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Infrastructure sector needed more attention: Pranab

Our Bureau Kolkata | Updated on November 25, 2017 Published on August 02, 2014

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To attain a sustained GDP growth of 8-9 per cent, the problem of poverty needs to be addressed, President Pranab Mukherjee said here on Saturday.

“There are some areas of deep concerns in the Indian economy. I would like to draw your attention to one particular area of infrastructure, both physical and social,” he said at the 86th Annual General Meeting of the Indian Chamber of Commerce (ICC).

According to the President, the Planning Commission had estimated an investment of $1 trillion in the infrastructure sector between 2012 and 2017.

Nearly 50 per cent of this investment is to be made by the private sector through Public Private Partnerships (PPPs). The other 50 per cent would come from “other sources” including government.

Reforms

In this regard, the Centre took steps to create “investment friendly countries” and economic reforms were undertaken. “Reform is a continuing process. It cannot be stopped….because every new sets of problems require a new set of solutions,” he added.

Between 2003-04 and 2012-13, gross domestic savings stood at over 30 per cent on an average. On the other hand, the investment rate cannot be less than 36 per cent.

According to Mukherjee, a 36 per cent investment rate can ensure a GDP of 8-9 per cent, considering minor slippages. The gap would come from “investment surplus countries” and some of it will be “diverted” to infrastructure.

“I am glad that the Government is fully aware of this and has taken appropriate steps in this regard,” he said.

Social infrastructure

While allocation in respect of healthcare sector has been increased, there is a need to focus on primary and tertiary healthcare. Improving the service, especially in some parts, is urgently required. Similarly, in education allocations have been increased. But even then a large number of people are unskilled.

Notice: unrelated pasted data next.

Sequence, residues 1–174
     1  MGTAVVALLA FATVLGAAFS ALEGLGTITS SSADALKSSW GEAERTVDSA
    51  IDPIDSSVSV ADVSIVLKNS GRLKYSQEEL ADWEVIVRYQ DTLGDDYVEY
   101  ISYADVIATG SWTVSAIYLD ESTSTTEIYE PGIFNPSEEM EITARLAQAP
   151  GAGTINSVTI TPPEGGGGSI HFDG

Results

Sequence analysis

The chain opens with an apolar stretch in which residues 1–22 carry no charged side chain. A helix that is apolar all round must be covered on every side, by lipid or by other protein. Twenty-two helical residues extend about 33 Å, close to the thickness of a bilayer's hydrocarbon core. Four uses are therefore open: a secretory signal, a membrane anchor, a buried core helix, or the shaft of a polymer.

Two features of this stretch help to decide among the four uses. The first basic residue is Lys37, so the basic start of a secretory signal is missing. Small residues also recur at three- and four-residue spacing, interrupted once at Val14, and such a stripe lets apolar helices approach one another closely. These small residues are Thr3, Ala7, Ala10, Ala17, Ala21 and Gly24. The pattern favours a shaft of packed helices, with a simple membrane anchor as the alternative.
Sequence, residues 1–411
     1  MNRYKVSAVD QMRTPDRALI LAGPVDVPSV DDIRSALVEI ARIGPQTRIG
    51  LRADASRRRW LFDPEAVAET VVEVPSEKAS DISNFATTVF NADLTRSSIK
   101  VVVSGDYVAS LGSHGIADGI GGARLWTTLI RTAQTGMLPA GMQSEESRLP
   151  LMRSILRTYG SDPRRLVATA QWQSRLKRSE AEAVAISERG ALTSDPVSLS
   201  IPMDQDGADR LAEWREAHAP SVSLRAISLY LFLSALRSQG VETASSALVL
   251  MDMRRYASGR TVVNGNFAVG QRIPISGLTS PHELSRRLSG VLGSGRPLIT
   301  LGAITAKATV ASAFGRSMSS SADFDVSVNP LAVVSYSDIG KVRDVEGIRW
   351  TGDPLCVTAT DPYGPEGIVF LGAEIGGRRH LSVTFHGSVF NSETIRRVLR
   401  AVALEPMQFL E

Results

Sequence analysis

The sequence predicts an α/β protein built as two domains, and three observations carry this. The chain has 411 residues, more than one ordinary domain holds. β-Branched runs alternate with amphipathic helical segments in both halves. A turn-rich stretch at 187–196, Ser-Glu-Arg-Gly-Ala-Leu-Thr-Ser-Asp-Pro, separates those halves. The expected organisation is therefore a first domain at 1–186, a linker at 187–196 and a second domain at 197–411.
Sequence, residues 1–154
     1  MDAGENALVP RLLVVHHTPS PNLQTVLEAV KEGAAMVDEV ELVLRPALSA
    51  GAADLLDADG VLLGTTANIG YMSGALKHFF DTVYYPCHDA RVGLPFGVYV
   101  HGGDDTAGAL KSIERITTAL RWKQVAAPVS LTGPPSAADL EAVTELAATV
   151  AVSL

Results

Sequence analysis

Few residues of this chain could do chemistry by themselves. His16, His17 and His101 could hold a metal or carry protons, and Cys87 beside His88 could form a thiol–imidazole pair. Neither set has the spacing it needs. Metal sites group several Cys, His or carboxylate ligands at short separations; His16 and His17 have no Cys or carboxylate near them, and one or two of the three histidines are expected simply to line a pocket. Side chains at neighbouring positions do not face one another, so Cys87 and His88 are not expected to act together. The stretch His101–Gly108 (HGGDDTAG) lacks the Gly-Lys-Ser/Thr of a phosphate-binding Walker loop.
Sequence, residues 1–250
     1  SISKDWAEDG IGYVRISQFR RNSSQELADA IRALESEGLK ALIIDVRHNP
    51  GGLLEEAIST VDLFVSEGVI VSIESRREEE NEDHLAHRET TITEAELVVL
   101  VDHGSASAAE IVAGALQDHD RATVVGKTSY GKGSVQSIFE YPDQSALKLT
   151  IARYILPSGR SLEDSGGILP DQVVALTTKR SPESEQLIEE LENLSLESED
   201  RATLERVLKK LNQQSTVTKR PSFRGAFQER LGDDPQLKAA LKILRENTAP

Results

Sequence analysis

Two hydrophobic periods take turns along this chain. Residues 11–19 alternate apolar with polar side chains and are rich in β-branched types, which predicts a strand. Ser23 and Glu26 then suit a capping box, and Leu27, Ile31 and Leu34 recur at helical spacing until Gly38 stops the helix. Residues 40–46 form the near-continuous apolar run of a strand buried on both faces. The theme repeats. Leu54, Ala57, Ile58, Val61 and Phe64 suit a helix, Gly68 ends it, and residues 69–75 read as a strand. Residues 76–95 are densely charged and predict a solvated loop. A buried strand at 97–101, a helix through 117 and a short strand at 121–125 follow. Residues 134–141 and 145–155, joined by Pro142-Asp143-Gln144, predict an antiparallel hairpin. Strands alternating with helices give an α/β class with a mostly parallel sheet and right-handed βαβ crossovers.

By 2030, 54 per cent of Indian population will be in the working age group and this huge workforce needs to be provided with work by injecting skill, the President said.

Pointing out that “globalisation is here to stay”, Mukherjee said that we need to ensure mobilisation of work-force across the borders.

“It is true that there has been some improvement in employment growth, but at the same time much more needs to be done,” he said.

Economy growth

In his speech earlier, Mukherjee has mentioned that the “India growth story” is still unfolding despite the challenges domestically and globally.

The economy witnessed an average growth of 7.9 per cent over a 10 year period between the years 2003-04 and 2013-14, despite the financial crisis of 2008. Compared to the 80s and 90s, the growth remained around 6 per cent and 6.5 per cent.

“The problems with which we are confronted, most of the countries are confronted with those problems.…. I do not know, in Indian history, anytime if we had this level of GDP growth….despite the fact that there was a global crisis in 2008,” he said.

Calling for greater co-ordination between the States and the Centre, Mukherjee referred to the Goods and Service Tax (GST) scenario.

According to the President, politicians, Chambers and all stakeholders need to come together for a consensus and work together.

“If we want GST…. Unless we can get the states on board, however, lofty the idea may sound….we all have to work together,” he said.

Published on August 02, 2014
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